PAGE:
Ageism alive and well in Tinseltown

The decision by television producers Warner Brothers to drop 41-year-old
actress Alex Kingston from drama series ER because she is "too old",
reflects the continuing view of many organisations that ageism is acceptable,
according to experts.

Last week, the British actress, who has played Dr Elizabeth Corday for seven
years, claimed that her £2.3m a year contract on ER was not being renewed
because executives want to concentrate on younger cast members.

In an interview with the Radio Times, Kingston said: "I suddenly felt
very old, surrounded by these young 20-somethings.

"Does that mean I’m the geriatric that’s being pushed out because she’s
too old? [The show] definitely seems to be taking a different tone," she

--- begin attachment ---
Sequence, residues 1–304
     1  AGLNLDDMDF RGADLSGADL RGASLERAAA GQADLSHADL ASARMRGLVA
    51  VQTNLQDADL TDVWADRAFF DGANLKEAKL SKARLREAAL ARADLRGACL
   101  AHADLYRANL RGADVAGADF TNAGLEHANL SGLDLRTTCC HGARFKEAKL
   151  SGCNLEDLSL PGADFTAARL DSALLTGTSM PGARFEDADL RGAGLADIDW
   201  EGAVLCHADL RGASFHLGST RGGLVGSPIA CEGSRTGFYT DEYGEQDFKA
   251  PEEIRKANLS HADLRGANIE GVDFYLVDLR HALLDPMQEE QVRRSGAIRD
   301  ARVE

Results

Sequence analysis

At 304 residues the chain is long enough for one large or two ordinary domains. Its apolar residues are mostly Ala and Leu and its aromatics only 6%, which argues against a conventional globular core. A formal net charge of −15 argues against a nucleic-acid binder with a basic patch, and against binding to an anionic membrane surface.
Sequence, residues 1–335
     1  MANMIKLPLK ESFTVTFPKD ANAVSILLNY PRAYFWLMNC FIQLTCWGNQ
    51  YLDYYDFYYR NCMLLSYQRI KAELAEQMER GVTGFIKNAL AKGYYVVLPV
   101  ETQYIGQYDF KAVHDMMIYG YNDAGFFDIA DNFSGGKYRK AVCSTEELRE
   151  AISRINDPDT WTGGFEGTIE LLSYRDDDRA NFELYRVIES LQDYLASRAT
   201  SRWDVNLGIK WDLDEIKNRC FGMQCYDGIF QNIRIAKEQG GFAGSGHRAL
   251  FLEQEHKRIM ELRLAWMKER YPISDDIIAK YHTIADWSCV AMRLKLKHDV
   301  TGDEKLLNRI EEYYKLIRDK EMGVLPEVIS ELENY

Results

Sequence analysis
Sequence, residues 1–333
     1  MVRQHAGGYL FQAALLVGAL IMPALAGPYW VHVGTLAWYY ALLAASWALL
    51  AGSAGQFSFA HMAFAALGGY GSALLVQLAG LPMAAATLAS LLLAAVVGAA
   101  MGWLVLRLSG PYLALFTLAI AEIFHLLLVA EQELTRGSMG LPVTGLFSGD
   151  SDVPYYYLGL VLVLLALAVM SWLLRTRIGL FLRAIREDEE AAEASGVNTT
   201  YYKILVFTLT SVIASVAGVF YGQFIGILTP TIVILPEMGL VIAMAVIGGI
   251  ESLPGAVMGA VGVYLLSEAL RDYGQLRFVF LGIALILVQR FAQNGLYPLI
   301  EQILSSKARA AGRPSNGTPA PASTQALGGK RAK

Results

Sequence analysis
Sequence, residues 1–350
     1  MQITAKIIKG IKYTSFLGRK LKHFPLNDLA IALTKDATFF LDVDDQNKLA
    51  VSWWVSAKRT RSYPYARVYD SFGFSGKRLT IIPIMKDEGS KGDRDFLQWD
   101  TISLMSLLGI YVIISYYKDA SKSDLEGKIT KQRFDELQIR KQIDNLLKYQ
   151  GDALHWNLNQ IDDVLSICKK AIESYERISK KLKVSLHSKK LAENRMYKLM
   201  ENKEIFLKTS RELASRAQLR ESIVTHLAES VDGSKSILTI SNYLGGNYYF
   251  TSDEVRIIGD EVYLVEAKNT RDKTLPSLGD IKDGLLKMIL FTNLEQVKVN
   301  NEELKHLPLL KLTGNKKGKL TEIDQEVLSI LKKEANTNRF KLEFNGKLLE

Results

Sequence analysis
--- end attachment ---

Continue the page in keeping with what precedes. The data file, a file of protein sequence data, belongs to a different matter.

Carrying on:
said.

Although organisations are getting better at stamping out ageism,
stereotypes about people of different ages still abound, said Sam Mercer,
director of The Employers Forum on Age.

"Age discrimination is still the poor relation to the other types of
legislation," she said. "Things like appointing staff because they
‘fit in’ can have an adverse effect on older people."

In December 2006, the European Union employment directive Article 13 will
become law, making age discrimination at work illegal.

Awareness about the forthcoming legislation is "shockingly poor",
Mercer said.

"There is lots of work to do with this agenda but lots of companies are
blissfully ignorant," she said. "The difficulty that employers are
going to face is that they are still fighting the view that ageism is
acceptable."

www.efa.org.uk

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